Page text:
Contempt of Court refers to the act of refusing to disclose the source of information used in a story to a judge. This can be seen as a form of defiance towards the court and can result in legal consequences. It is important for journalists to protect their sources, but in certain cases, the court may require this information for the proper administration of justice. By refusing to comply with the court's request, it is considered as contemptuous behavior.

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  • 3. 

    What is Fabrication?

    • A.

      Behavior on or off the job that could damage your publications reputation.

    • B.

      Failure to obey a lawful order.

    • C.

      Manufacturing of falsifying any facts, quotes, or events for a story.

    Correct Answer
    A. Behavior on or off the job that could damage your publications reputation.
    Explanation
    Fabrication refers to the act of creating or inventing false information, quotes, or events for a story. This behavior, whether it occurs on or off the job, has the potential to harm the reputation of the publication. It involves manufacturing or falsifying facts, which is a serious ethical breach in journalism.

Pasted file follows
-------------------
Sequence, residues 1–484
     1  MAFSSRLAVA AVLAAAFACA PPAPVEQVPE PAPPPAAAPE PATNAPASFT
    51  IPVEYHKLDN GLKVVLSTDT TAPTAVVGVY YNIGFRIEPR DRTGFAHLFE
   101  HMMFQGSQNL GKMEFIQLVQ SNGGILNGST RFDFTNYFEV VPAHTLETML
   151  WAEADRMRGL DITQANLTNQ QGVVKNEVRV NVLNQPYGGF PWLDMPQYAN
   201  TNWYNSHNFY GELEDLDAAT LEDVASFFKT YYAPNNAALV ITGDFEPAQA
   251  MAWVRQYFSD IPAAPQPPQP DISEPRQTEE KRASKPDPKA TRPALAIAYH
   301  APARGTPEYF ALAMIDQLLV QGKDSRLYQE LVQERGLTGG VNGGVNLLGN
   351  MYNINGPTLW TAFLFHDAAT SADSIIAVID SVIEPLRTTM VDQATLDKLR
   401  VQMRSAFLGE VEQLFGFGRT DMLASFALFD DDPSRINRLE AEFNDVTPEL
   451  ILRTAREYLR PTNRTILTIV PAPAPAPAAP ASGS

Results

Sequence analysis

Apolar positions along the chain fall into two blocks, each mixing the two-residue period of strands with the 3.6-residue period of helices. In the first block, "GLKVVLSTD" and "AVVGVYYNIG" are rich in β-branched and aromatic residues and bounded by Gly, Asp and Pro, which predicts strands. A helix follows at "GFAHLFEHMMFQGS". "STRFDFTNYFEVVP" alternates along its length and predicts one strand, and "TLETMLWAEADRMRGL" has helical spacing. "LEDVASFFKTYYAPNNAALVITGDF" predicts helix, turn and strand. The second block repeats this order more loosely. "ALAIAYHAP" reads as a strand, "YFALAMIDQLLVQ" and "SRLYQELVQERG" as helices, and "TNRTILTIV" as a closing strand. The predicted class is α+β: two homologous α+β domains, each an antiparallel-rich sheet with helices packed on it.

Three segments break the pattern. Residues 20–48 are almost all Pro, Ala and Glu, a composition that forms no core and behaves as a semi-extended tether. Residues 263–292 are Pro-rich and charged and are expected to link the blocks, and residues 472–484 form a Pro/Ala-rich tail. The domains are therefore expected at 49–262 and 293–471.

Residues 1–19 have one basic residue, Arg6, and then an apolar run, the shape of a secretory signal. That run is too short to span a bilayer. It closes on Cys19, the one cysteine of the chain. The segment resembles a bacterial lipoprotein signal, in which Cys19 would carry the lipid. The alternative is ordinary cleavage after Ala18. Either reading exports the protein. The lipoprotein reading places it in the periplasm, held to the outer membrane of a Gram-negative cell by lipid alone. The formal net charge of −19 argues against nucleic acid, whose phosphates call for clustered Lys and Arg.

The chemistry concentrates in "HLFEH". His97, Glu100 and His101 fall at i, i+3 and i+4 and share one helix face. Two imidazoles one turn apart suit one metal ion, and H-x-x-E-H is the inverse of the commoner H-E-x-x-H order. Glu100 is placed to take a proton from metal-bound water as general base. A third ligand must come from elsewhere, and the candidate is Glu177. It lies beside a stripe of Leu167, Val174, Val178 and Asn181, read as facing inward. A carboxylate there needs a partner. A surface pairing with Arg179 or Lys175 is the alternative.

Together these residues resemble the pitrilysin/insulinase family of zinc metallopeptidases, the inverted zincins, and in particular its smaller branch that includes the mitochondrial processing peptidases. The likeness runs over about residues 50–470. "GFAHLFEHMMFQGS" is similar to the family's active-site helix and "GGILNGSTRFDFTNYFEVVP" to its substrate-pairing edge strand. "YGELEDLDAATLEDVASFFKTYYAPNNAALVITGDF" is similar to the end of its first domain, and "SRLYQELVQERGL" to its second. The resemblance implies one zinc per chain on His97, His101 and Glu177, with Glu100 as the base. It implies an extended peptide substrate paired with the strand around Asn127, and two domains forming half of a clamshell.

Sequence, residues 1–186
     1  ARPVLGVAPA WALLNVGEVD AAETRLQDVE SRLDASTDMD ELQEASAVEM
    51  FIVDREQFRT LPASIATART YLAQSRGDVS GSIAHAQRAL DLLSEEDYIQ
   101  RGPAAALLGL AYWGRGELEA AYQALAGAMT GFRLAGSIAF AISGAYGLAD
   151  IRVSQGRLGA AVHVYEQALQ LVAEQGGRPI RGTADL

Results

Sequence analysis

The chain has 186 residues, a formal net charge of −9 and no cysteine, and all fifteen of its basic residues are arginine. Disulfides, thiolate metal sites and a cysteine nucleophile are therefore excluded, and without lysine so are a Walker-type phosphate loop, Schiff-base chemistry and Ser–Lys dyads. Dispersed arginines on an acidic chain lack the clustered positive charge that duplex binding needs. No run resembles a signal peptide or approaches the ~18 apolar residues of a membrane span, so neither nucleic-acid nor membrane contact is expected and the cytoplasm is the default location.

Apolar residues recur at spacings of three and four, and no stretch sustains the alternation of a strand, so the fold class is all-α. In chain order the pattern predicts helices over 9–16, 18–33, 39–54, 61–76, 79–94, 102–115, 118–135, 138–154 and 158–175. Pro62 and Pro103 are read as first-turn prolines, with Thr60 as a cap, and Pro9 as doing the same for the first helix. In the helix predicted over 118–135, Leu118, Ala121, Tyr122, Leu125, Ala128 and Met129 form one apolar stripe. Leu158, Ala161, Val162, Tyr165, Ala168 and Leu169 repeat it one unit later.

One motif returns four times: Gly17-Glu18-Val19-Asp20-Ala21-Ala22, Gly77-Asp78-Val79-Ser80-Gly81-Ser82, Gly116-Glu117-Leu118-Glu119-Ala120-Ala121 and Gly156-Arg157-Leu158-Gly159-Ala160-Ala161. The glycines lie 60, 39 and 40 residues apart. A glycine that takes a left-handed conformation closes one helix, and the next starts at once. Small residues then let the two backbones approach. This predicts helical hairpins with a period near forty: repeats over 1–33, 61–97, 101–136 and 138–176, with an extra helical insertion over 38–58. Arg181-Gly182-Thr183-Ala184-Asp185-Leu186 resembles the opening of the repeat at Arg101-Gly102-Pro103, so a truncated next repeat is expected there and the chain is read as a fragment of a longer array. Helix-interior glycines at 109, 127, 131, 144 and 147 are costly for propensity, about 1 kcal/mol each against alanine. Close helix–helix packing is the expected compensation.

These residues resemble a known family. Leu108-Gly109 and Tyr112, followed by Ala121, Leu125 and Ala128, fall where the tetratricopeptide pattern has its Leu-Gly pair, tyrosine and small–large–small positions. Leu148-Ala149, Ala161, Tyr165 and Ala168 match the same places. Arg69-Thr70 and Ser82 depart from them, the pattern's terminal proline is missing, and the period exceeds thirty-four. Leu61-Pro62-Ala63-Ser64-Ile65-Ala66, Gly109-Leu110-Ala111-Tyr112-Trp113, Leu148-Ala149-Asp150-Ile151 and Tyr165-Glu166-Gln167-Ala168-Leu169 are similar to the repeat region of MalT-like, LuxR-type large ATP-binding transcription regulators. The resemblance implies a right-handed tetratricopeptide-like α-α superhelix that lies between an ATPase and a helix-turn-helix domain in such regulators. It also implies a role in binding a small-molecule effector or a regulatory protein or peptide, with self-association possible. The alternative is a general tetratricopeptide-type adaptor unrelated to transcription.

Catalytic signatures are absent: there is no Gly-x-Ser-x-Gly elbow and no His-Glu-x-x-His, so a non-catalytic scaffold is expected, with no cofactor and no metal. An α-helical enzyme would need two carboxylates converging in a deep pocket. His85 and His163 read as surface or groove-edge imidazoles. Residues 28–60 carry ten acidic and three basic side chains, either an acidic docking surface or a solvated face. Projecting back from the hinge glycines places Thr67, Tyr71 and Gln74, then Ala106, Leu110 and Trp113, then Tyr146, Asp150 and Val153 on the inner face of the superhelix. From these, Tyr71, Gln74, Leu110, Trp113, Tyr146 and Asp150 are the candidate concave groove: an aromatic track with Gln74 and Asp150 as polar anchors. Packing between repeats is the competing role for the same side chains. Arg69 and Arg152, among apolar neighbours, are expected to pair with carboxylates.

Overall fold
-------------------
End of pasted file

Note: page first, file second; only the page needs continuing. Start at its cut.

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  • 4. 

    What is Fair Comment and Criticism?

    • A.

      Passing off someone else's words or ideas as your own.

    • B.

      The right of Journalists to print their opinions on the performance of public figurs or entertainers.

    • C.

      Publishing the name of a confidental source after promising you they wouldn't.

    Correct Answer
    B. The right of Journalists to print their opinions on the performance of public figurs or entertainers.
    Explanation